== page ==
Q: I am a financially-independent mutual fund investor (100% equities) nearing retirement. Given today’s market, how would you suggest I go about changing my allocation strategy? Also, when retirement comes, should I take the lump sum or annuity?
A: Because interest rates are so low, and because the current climate doesn’t suggest much upward drift in rates, I would be in no particular hurry to adjust my allocation away from equities particularly in light of future inflation potential. In a few years, however, it might make sense to consider investing in some target-date [equity/bond] funds of funds that would automatically involve you in a growing percentage of both domestic and international bond funds. By the way, I like the fact that you keep things simple. As to your pension, a lump sum versus an annuity payout really boils down to greater control of your assets and whether or not you have other regular cash flow sources (social security, part-time work, etc.) to handle monthly expenses. The fact that you have long been a financially independent sort indicates to me that you’re a knowledgeable investor, in which case, I’d be inclined to consider taking a lump sum. You can always purchase an annuity later in life if circumstances indicate the wisdom of such a move.
Q: I want to save for my children's education. Do I have good options other than 529 accounts?
A: You have a number of options, but upfront let me emphasize that using a 529 Education Account is a really wise means of accumulating funds for educational purposes. I recently wrote a blog (The Coverdell vs 529s; 10-22-2020) detailing a 529’s many advantages. But 529 funds must be used specifically for education purposes or the tax-advantaged benefit is lost… as it should be.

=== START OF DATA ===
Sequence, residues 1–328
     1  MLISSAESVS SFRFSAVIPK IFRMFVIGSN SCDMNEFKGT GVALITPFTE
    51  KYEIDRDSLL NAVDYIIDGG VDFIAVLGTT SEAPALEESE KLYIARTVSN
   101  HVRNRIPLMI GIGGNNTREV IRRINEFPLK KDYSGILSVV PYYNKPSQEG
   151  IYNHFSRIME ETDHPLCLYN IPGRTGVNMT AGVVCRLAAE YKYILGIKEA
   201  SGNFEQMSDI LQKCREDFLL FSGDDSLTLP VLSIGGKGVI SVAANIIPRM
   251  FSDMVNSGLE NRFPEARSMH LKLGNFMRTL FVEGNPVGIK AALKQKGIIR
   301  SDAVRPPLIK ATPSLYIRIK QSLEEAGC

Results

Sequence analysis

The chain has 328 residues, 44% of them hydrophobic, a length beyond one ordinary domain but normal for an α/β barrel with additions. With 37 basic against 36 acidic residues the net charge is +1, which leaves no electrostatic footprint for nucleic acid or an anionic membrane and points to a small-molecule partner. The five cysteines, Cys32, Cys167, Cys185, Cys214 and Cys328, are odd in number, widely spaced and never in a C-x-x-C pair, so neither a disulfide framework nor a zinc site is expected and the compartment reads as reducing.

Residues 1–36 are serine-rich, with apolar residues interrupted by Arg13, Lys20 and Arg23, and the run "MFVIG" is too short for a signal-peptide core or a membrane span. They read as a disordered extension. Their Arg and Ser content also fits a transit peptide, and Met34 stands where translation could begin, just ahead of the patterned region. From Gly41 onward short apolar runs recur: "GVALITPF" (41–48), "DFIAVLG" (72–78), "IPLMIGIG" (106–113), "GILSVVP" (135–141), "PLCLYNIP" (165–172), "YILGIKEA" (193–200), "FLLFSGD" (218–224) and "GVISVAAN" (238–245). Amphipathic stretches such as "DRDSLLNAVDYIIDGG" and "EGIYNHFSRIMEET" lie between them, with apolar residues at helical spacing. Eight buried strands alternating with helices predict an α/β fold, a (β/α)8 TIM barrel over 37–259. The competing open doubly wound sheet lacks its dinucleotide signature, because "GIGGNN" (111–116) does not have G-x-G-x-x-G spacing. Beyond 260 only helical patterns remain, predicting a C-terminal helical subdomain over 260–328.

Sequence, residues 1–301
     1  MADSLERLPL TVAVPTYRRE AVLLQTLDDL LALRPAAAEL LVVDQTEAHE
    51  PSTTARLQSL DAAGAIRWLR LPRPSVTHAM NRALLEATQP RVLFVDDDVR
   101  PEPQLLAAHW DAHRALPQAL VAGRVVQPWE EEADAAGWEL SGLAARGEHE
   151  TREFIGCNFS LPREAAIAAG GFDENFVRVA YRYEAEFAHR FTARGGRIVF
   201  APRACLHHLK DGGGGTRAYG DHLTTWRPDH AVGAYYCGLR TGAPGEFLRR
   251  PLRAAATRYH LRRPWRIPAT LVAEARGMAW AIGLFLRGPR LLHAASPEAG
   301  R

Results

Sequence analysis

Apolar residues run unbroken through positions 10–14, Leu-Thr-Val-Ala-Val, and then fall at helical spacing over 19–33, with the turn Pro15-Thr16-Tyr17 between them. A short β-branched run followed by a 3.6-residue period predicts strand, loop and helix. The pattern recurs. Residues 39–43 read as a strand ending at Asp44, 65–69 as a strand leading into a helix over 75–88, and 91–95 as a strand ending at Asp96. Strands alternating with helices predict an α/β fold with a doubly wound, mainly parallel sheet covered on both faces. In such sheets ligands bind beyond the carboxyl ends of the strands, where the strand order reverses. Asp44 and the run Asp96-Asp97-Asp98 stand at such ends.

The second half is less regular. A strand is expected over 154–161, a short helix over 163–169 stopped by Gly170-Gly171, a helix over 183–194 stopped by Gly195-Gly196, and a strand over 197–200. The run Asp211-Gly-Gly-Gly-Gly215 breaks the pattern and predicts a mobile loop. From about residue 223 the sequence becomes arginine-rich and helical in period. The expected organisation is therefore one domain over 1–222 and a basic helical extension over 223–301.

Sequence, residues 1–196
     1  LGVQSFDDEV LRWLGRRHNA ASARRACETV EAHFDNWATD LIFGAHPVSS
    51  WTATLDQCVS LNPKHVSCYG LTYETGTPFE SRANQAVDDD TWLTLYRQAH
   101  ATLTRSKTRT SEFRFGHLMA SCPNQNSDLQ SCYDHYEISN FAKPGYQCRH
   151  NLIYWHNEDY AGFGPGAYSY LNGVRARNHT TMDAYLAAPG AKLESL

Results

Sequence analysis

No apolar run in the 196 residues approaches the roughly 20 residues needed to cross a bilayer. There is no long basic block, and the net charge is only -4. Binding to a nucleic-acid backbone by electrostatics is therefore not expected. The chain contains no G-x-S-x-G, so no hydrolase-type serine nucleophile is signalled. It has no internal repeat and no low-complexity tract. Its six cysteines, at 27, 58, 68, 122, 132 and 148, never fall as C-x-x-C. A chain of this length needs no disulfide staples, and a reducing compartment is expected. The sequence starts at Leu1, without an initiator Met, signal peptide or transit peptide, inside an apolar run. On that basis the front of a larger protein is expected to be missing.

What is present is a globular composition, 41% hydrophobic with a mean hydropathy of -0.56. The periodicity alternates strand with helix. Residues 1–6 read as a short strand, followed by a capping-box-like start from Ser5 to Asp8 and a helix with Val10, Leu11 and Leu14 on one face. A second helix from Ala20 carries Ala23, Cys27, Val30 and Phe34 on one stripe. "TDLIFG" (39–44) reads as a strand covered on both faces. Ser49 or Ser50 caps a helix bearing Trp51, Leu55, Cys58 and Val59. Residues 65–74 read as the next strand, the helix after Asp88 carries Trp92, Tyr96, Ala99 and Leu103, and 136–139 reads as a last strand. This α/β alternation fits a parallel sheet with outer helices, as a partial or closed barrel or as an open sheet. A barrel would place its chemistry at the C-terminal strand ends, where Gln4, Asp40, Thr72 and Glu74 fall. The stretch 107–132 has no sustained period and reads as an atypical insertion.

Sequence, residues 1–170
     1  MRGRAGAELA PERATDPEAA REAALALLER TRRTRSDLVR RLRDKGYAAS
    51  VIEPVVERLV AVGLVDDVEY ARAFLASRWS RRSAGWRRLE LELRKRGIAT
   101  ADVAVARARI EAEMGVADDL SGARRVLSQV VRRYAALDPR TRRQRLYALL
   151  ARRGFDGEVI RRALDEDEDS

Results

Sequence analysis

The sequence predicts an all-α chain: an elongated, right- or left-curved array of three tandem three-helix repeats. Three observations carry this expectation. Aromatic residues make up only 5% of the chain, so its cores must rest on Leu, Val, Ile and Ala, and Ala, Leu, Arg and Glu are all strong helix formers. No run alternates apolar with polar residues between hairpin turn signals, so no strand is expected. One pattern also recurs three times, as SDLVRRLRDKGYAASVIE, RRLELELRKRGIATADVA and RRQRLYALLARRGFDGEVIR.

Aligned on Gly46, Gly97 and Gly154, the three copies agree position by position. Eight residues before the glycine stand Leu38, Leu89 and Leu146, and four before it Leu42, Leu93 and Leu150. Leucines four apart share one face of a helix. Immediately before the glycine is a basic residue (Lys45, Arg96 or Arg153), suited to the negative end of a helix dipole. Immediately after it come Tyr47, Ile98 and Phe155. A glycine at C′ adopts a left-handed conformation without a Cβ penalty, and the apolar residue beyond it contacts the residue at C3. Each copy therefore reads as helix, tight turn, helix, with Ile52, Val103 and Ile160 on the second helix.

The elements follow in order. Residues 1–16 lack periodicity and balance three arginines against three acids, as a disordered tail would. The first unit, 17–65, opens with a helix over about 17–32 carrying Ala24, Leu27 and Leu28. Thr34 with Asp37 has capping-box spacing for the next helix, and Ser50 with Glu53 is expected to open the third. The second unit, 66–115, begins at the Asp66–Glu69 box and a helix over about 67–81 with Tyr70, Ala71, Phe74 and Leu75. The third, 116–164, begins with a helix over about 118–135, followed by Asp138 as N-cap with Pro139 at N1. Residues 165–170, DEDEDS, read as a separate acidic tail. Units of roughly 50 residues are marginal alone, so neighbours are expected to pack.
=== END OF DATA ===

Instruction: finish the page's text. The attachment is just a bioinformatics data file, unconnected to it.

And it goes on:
A more free-wheeling approach that allows the “benefactor” greater control over investment and disbursement involves devoting a Roth IRA to the education of a child. Roth IRAs have tax advantages similar to 529 plans and are primarily intended as retirement savings vehicles. But they can be used for college planning. Of course, the benefactor won't get upfront tax deductions, but the account will grow tax-deferred and withdrawals will be tax-free no matter how used (as long as you're 59½ or older and have had the Roth IRA for at least five years). However, the benefactor can withdraw Roth contributions (but not their earnings) at any time and for any reason, tax-free. Also, the money held in retirement plans isn't counted as an asset when an application is made for financial aid through the FAFSA. Drawbacks to using a Roth versus a 529 include the annual limitation of contributions to $6,000 (or $7,000 if 50 or older), and using a Roth IRA to pay for college leaves less money for the benefactor’s retirement. Keep in mind, a child will have more years to repay an education loan than the benefactor will have to recoup lost retirement savings. Technically, another type of 529, a prepaid tuition plan, allows the benefactor to pay for future tuition at current rates. However, they generally apply only to certain colleges and universities in certain states. And unlike regular 529’s, these plans are often limited to covering tuition only. A more limited but tax-favored alternative to 529s is the Coverdell Education Savings Account (ESA). The Coverdell has a more restrictive $2,000 annual contribution limit for a particular child. Investors filing joint returns are further discouraged from setting up an ESA if their modified adjusted gross income (MAGI) is greater than $190,000 ($95,000 for single filers). Specifically, the $2,000 annual maximum is phased out for joint files with MAGIs falling between $190,000 and 220,000. Such monetary limitations represent downsides to many… and in addition, ESAs are age-limited. Contributions to a Coverdell plan must end when the beneficiary turns 18, and withdrawals for qualified expenses must be distributed by the time a beneficiary turns 30. These limitations are particularly discouraging to investors with large incomes. On the other hand, these same limits appeal to prospective benefactors with lessor resources. Custodial accounts such as Uniform Gift to Minors Act (UGMA) or the Uniform Transfers to Minors Act (UTMA) do not provide tax benefits like a 529 plan, but allow account holders much more discretion regarding investment options (virtually unlimited like Coverdells) and how the money is eventually used. Although proceeds are to be used for a child’s benefit, they’re not specifically earmarked for education… a useful feature for parents unsure if their offspring will actually go to college. Unfortunately, UGMA/UTMA contributions won't earn tax deductions or credits, and such accounts’ earnings are taxable. Also, because they are considered the child’s assets, up to 20% of their balance is counted in computing the Expected Family Contribution on the FAFSA. This is not so with 529 accounts because they are considered to be parental assets - only up to 5.64% of their balance is counted.